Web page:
At the opposite end of the resale spectrum sits Depop, a global, online fashion resale marketplace. Depop allows users (mostly Millennial and Gen Z) to buy and sell unwanted garments through its visually slick mobile app. Combining the intuitive nature of Instagram with the convenience of eBay, Depop saw its users swell from 8 to 12 million last year and it has recently ventured into brick and mortar in LA and New York. As retailers respond to the need for greater accountability and as the fashion industry heads towards a circular economy, retailers must seek to access this rapidly growing market in order to offer affordability, traceability and provenance to their customers.
A recent Business of Fashion report cited that 9 out of 10 Gen Z customers will only purchase from brands with a commitment to social and environmental responsibility. Similarly, nearly three-quarters of people believe their purchases make a moderate-to-significant positive impact on social or environmental issues, according to a report by Sustainable Brands.
Responding to this desire for greater transparency in the supply chain, apps such as Good On You are connecting consumers with purpose by providing information about the ethical and sustainable credentials of over 3,000 fashion brands. Online luxury marketplace Olivela also connects consumers with purpose by giving 20% of proceeds to charitable causes such as the Malala Fund. Over 250 luxury fashion and beauty brands are represented on the Olivela platform, with an incredible 174,031 days of school being donated to underprivileged children. Since 2018, HMKM have worked with Olivela to create its first brick-and-mortar stores, bringing the brand’s message to life within a physical environment and further connecting consumers with the brand’s philanthropic work.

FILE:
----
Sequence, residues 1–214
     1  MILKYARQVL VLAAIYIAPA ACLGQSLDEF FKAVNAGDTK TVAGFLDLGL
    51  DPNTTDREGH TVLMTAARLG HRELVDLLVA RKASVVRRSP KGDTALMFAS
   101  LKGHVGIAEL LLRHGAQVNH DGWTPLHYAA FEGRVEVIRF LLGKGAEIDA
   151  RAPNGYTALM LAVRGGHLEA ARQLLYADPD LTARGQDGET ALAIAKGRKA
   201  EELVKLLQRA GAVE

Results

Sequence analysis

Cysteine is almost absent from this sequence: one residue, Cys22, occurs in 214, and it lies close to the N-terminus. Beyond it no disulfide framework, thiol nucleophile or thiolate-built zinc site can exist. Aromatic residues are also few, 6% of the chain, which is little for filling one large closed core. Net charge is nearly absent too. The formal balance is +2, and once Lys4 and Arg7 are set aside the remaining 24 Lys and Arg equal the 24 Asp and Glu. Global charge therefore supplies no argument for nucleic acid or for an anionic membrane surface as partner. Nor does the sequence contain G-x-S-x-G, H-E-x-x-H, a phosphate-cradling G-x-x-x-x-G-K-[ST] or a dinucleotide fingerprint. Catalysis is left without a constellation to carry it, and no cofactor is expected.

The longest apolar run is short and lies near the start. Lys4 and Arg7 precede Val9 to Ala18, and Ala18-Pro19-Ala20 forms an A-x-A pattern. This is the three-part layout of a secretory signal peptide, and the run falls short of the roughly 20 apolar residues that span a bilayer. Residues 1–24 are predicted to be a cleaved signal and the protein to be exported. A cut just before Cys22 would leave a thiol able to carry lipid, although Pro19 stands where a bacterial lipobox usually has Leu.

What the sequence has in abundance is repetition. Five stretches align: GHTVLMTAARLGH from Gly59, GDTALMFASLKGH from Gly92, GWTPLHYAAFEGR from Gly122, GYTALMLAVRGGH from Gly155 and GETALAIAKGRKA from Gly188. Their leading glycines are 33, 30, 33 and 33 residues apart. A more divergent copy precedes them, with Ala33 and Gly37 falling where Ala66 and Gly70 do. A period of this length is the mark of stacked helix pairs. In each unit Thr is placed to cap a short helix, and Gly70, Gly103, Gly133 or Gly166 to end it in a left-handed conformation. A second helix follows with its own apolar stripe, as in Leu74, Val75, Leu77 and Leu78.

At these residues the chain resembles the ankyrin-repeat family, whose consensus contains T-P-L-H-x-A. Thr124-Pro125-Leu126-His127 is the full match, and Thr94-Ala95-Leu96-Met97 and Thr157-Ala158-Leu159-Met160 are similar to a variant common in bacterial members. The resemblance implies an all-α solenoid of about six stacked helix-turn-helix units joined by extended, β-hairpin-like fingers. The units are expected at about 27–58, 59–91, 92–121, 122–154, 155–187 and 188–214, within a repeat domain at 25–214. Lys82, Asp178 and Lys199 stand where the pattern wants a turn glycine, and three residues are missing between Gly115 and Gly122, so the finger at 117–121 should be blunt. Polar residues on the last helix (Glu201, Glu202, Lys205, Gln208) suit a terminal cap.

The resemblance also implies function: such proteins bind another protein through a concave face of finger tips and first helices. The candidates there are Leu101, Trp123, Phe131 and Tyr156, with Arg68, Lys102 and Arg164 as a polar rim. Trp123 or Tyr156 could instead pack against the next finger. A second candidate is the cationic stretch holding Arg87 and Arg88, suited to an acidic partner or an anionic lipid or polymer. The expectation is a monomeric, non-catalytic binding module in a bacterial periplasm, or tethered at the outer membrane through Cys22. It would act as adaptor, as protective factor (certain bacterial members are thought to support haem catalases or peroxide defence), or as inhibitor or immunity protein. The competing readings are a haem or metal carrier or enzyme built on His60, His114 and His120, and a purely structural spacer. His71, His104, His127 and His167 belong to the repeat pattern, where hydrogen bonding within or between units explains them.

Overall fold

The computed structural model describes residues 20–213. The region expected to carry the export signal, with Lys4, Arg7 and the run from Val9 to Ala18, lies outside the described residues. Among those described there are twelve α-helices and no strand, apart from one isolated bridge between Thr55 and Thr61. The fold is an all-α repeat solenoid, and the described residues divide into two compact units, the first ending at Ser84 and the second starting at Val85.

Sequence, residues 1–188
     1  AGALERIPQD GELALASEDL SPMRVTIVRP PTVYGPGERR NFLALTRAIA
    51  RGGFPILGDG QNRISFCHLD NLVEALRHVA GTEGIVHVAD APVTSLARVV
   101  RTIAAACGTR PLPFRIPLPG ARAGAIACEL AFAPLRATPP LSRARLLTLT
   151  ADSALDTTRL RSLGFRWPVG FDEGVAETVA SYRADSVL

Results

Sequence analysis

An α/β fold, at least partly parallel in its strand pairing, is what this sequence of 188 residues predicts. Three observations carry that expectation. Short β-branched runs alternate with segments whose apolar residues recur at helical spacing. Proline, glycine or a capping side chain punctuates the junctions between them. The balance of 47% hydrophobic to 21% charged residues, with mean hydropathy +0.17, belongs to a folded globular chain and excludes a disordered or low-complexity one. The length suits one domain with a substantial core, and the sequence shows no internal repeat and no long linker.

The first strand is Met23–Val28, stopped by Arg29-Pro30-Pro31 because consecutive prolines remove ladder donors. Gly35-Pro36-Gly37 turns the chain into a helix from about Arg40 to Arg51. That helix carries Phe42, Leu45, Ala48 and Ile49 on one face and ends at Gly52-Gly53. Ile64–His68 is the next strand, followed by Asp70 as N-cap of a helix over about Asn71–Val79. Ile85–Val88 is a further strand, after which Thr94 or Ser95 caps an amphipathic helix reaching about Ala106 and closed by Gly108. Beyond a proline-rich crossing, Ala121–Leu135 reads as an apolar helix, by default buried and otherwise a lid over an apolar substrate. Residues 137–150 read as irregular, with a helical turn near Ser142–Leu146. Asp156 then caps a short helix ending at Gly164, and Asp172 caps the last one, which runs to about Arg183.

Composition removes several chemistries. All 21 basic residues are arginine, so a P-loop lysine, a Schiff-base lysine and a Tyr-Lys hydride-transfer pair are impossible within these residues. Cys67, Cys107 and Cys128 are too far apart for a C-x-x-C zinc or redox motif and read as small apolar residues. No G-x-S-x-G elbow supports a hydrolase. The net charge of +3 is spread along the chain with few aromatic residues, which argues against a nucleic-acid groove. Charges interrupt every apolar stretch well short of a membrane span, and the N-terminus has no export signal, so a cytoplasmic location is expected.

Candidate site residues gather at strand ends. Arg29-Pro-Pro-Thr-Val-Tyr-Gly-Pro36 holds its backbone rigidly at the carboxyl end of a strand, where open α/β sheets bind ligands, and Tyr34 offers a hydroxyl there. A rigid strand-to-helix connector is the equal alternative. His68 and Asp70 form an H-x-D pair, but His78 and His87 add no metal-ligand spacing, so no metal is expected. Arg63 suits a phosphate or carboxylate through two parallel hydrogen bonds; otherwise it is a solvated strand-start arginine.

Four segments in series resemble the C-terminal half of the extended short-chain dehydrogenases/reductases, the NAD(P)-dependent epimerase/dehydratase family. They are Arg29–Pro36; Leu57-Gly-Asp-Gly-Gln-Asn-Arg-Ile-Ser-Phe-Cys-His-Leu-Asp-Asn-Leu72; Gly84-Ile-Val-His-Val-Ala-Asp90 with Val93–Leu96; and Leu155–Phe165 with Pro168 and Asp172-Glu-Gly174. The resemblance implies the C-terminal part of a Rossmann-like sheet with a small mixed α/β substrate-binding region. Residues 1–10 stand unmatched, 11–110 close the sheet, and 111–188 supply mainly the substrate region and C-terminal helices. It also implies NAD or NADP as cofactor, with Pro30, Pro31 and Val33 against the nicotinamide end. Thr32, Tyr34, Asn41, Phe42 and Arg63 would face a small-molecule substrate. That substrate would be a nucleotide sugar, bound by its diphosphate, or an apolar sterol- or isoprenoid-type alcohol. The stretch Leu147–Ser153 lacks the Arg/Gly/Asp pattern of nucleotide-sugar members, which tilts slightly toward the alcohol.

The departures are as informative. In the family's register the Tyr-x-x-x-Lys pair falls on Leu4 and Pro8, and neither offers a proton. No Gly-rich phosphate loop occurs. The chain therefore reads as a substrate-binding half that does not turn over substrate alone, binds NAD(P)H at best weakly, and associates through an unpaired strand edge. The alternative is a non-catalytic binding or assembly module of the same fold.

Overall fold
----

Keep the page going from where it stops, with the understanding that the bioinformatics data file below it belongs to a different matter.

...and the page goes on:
So What for Stores?
As we consider the emergence of these values-driven, eco-driven startups, the bigger brands are at risk of losing their competitive advantage. If you’re a billion-dollar brand like Burberry, and committing to being wholly sustainable, in theory, you would have to change your entire supply line for all your stores across masses of markets.
Fortunately, there is space for the bigger fashion brands to regain their edge – a literal, physical space, by way of their stores and shop floors. Country Road Group and Stella McCartney are examples to learn from, but there are others. Versace recently opened their first LEED-certified store in Sloane Street, London – using sustainably sourced materials and climate-control systems designed to save water
and electricity. Patagonia’s store in Victoria, Canada used sustainable construction methods and the wood used in the store was wastage retrieved from the Pacific Ocean and leftovers from a local yacht club. And Primark is sharpening its sustainability focus both in-store and online with its Primark Cares initiative.
The Time Is Now
Sustainability and transparency shouldn’t be regarded as market trends, nor should they be PR orientated initiatives. They are fundamental commitments that every brand should be doubling down on.
As consumers’ shopping habits evolve to be more holistic, retailers that have a transparent attitude to their ethical credentials will increasingly be rewarded, while those with a closed door policy will come under greater public scrutiny.
It is no longer enough to sell sustainable garments, especially if your stores don’t match. Making a genuine difference, both with products and in physical spaces, should be fundamental to every retail brand’s future thinking, and to ultimately reducing fashion’s future footprint.
To read more of our thoughts on Sustainability, check out HMKM Eye #2 - Selling Sustainability: https://rebrand.ly/HMKM_WeLove1